A Myanmar court sentenced a female activist to six months in jail on Monday for a Facebook post satirizing the powerful military, the latest crackdown against free speech in the former junta-ruled country.
Freedoms have flourished since the junta ceded full control to a partly civilian government in 2011, culminating in landmark elections last month.
But there have been growing concerns over renewed breaches of civil liberties. Criticism of the still powerful military remains fraught with risk.
Chaw Sandi Tun, 25, was arrested in October after a post on her Facebook page made fun of the army.
“My daughter was sentenced to six months’ imprisonment at Ma U Bin township court this morning under Section 66(d) of the telecoms law. We will appeal as we are not satisfied,” her mother Ei San said.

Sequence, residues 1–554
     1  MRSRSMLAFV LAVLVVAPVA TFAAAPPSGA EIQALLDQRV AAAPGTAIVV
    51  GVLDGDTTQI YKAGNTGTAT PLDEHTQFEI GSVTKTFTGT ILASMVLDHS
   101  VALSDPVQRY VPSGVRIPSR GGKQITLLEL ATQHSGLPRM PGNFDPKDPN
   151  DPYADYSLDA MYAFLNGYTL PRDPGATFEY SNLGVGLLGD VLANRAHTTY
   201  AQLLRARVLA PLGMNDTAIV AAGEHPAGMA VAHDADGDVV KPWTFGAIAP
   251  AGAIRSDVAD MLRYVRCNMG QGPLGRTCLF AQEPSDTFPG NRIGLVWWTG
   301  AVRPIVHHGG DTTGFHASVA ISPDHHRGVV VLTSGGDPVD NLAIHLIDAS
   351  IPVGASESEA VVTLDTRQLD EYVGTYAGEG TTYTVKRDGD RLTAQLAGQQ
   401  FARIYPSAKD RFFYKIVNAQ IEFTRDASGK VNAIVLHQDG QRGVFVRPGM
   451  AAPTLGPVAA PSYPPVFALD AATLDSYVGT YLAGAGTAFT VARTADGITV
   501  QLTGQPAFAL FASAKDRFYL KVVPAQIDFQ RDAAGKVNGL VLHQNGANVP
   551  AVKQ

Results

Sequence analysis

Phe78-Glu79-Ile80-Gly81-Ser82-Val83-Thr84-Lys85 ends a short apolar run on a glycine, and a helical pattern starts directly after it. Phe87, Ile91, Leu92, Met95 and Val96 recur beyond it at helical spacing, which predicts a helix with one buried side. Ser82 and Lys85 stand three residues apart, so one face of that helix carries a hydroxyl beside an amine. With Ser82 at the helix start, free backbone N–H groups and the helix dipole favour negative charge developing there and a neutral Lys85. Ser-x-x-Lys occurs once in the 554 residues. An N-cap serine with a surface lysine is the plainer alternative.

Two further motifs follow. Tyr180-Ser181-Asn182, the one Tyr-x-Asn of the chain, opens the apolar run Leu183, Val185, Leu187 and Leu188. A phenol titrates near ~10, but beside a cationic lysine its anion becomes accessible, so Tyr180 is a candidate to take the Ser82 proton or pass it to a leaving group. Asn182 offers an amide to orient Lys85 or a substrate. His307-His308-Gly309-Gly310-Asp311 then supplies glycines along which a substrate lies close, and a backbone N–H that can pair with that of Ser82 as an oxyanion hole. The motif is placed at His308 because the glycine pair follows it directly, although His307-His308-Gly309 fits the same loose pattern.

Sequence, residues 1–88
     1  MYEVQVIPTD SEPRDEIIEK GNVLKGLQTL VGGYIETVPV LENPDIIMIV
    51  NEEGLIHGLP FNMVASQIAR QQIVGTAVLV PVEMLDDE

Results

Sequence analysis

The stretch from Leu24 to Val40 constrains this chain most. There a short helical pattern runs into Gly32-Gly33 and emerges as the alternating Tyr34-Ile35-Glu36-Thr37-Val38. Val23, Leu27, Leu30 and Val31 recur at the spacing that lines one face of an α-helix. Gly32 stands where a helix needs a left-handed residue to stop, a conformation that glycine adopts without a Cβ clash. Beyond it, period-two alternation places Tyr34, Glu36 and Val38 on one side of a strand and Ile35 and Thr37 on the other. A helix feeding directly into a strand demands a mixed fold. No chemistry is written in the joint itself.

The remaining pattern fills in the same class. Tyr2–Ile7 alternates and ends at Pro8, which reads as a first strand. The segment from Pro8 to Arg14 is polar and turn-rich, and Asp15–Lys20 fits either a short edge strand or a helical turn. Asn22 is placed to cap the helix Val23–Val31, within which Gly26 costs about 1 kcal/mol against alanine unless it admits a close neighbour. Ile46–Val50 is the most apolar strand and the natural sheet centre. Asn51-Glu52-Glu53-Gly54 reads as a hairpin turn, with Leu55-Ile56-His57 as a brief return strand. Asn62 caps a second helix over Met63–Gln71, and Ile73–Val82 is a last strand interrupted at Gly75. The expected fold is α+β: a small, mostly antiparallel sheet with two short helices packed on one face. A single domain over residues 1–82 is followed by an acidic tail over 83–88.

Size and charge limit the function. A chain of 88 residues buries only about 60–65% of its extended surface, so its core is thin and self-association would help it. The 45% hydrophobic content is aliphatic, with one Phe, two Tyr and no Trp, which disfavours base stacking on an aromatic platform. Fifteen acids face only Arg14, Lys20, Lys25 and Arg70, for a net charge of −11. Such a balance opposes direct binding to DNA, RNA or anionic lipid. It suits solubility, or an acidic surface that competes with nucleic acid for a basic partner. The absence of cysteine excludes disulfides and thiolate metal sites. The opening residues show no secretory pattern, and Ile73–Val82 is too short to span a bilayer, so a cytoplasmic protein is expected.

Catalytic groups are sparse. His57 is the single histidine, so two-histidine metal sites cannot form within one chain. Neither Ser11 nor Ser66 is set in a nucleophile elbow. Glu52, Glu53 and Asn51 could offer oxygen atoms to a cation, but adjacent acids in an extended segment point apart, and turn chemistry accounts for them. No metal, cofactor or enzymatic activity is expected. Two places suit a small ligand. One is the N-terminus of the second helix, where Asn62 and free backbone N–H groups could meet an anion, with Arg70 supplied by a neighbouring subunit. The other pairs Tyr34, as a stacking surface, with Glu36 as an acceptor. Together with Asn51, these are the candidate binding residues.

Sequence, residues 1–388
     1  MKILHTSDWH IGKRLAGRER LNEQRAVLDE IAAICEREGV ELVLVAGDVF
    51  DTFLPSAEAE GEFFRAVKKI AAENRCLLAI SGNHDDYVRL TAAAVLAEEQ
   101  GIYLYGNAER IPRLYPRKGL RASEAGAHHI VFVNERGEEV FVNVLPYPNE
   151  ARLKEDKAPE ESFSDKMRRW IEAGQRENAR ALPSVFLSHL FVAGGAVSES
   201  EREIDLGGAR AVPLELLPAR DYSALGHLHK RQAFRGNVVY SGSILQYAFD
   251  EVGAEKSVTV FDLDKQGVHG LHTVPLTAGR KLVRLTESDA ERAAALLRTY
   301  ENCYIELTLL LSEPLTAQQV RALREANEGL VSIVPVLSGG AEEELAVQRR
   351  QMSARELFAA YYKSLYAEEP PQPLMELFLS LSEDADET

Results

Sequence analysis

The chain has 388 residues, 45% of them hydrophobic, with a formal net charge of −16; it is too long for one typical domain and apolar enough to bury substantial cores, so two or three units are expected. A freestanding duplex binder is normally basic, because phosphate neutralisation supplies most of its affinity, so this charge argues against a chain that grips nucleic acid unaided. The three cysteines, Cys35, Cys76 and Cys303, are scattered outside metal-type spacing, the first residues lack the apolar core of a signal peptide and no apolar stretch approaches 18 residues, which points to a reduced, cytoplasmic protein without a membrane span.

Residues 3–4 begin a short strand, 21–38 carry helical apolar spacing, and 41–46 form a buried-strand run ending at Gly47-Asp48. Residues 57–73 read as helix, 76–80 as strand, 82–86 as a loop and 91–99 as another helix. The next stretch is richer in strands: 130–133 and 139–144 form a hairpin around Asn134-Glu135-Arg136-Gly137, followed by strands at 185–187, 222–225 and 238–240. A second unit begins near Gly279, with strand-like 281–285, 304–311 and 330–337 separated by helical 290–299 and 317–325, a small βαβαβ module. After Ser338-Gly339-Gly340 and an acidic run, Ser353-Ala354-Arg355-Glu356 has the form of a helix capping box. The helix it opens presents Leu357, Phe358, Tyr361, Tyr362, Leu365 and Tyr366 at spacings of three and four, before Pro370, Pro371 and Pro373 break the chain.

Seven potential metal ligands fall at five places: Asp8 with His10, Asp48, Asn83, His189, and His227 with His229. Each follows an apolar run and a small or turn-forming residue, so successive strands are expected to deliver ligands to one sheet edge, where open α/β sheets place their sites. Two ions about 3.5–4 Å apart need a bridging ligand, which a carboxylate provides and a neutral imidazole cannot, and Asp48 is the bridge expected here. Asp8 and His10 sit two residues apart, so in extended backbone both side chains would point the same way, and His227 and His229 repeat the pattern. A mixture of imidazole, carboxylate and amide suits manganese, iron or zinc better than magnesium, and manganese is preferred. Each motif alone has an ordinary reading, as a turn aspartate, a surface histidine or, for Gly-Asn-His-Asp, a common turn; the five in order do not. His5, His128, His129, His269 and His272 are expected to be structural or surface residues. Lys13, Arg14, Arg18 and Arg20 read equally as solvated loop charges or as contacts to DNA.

She was referring to a broadly worded law which bans the defamation or “disturbing” of people through any telecommunications network.
The maximum penalty she faced was three years in jail.
Her lawyer confirmed the sentence but said his client denied making the post.
“She said her Facebook account had been hacked several times and that she didn’t post that post,” Robert San Aung said.
The post compared the colour of a new uniform for army officers with that of a “longyi” (traditional skirt) worn by National League for Democracy (NLD) leader Aung San Suu Kyi, whose party swept last moth’s polls and will form a government next year.
“If you love mother that much, why don’t you wrap mother’s longyi on your head?” the post said.
The United States embassy has previously called for the release of Chaw Sandi Tun and Patrick Khum Jaa Lee, another activist who has been arrested over Facebook posts critical of the military.